Zosimus, New History 5.17

Zosimus (Greek Ζώσιμος): Early Byzantine, pagan author of a history of the Roman Empire, published in the first quarter of the sixth century CE.

The translation of ZosimusNew History offered here was printed in 1814 by W. Green and T. Chaplin in London, and was probably prepared by J. Davis of the Military Chronicle and Military Classics Office. The translator is anonymous. The text was found at Tertullian.org. The notes were added by Jona Lendering.


[5.17.1] Gainas upon this became afraid lest Tribigild, being enclosed on every side and without strength to engage the enemy, should be destroyed. He therefore sent other barbarian troops who were with him into the Roman camp to enable Tribigild to escape.

[5.17.2] These barbarians, whom Gainas sent to Leo as auxiliaries, fell upon every Roman with whom they met, ravaged the country and killed the soldiers. Nor did they cease to attack all places, until they had cut off Leo and all his army, and converted the whole country into a desert. Thus the design of Gainas met with success. Tribigild, having escaped from Pamphylia, indicted still greater miseries than before on the cities of Phrygia.

[5.17.3] Gainas from hence took occasion to magnify the exploits of Tribigild to the emperor, and so far alarmed the Senate and the whole court, that he persuaded them that Tribigild would advance to the Hellespont itself, and might nearly subvert the empire, unless the emperor should attend to his demands.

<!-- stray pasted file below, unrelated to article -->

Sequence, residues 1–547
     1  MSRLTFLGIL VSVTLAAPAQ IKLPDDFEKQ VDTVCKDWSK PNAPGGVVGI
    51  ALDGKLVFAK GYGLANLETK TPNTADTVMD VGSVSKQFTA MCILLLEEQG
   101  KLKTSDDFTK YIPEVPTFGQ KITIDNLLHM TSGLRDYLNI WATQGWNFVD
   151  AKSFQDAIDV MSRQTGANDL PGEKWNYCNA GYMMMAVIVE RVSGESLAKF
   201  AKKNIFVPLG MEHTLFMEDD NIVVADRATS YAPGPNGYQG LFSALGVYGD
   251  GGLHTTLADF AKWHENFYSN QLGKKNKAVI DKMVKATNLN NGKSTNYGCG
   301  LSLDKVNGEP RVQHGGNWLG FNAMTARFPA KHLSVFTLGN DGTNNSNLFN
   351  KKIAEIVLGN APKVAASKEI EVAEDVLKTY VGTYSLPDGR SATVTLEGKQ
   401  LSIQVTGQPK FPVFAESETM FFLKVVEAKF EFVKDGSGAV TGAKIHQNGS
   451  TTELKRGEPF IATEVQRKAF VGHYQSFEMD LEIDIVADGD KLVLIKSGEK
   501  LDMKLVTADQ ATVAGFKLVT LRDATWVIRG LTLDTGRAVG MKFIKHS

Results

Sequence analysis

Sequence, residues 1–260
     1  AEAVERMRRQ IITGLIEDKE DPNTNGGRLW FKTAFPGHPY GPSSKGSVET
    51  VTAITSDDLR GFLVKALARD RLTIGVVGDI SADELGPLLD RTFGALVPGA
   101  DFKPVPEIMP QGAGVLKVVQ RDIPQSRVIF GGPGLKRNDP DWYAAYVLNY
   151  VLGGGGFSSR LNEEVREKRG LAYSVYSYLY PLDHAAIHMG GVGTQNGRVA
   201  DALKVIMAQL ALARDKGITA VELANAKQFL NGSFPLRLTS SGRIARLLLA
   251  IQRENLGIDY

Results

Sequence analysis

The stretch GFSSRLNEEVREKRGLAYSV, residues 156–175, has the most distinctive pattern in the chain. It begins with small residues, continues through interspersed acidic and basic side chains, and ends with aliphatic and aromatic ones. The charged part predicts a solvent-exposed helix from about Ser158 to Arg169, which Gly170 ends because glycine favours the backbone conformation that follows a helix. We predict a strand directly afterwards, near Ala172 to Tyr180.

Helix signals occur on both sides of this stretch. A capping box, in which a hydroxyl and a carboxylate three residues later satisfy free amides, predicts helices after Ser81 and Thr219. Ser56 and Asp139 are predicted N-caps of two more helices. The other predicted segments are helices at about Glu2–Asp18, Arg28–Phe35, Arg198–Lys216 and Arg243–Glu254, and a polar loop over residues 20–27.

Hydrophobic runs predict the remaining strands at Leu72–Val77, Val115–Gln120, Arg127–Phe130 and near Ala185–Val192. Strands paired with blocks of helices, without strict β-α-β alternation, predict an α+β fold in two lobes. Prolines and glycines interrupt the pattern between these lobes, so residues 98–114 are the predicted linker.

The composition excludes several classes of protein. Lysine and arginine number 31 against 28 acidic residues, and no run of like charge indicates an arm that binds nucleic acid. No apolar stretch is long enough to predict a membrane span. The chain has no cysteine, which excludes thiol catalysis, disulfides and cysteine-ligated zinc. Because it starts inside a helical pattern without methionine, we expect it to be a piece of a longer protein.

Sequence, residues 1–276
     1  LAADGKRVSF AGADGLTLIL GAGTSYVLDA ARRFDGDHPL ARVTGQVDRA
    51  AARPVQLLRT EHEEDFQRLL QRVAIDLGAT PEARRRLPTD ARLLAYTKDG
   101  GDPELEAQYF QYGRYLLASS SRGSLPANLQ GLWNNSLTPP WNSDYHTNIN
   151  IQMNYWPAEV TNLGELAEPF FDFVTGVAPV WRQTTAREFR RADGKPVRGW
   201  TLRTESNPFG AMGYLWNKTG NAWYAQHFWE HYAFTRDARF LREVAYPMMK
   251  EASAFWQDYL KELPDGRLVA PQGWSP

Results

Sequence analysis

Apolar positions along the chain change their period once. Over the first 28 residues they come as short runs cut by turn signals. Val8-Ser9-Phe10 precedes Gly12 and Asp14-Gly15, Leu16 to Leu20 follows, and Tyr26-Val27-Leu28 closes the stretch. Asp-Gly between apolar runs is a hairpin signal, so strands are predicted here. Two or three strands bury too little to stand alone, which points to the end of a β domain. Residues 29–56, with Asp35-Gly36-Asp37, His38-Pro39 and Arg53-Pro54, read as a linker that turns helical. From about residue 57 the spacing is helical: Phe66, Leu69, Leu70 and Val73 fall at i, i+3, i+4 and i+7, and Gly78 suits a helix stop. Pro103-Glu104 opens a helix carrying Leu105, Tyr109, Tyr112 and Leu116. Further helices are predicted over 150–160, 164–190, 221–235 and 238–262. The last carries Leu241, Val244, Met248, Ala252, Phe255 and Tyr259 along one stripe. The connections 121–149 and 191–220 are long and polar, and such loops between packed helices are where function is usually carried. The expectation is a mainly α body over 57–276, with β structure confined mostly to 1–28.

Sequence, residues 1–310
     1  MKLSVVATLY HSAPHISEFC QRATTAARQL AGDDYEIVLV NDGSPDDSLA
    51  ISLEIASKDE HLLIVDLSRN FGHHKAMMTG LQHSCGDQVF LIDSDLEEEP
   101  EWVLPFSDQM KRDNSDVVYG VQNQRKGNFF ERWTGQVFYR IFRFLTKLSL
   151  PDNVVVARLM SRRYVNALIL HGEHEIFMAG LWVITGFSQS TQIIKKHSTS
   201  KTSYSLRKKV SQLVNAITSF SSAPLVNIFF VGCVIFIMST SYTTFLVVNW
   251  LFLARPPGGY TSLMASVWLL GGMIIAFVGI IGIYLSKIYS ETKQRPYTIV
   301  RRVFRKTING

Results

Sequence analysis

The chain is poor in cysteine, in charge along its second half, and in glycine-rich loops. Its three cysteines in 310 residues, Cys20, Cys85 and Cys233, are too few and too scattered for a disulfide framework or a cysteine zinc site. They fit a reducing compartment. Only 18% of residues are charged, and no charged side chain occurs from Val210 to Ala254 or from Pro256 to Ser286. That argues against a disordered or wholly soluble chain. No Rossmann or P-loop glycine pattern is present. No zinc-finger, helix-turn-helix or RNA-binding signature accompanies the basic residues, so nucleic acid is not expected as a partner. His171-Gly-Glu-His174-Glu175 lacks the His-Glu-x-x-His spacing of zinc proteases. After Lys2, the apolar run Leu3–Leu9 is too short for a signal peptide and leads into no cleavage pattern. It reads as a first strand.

[5.17.4] Gainas acted thus from policy, at once to conceal from the emporor his own inclinations, and to acquire by those concessions, which Tribigild should extort, an opportunity of putting his own projects into execution. For he was not so much displeased at being himself neglected, as at the exaltation of Eutropius to the highest degree of power, so as to possess the dignity of consul, bear that title for a considerable time together, and to be honored with the patrician rank.

[5.17.5] This it was that principally excited Gainas to sedition. When his design, therefore, was ripe, he first planned the death of Eutropius. With this purpose, while he was still in Phrygia, he sent to the emperor, and informed him that he despaired of any success, since Tribigild was so artful a warrior, and, moreover, that it was impossible to sustain his fury, or to deliver Asia from the present extremities, unless the emperor would comply with his request, which was, that Eutropius, who was the chief cause of all the mischief which had happened, might be delivered into his hands, to be disposed of at his own pleasure.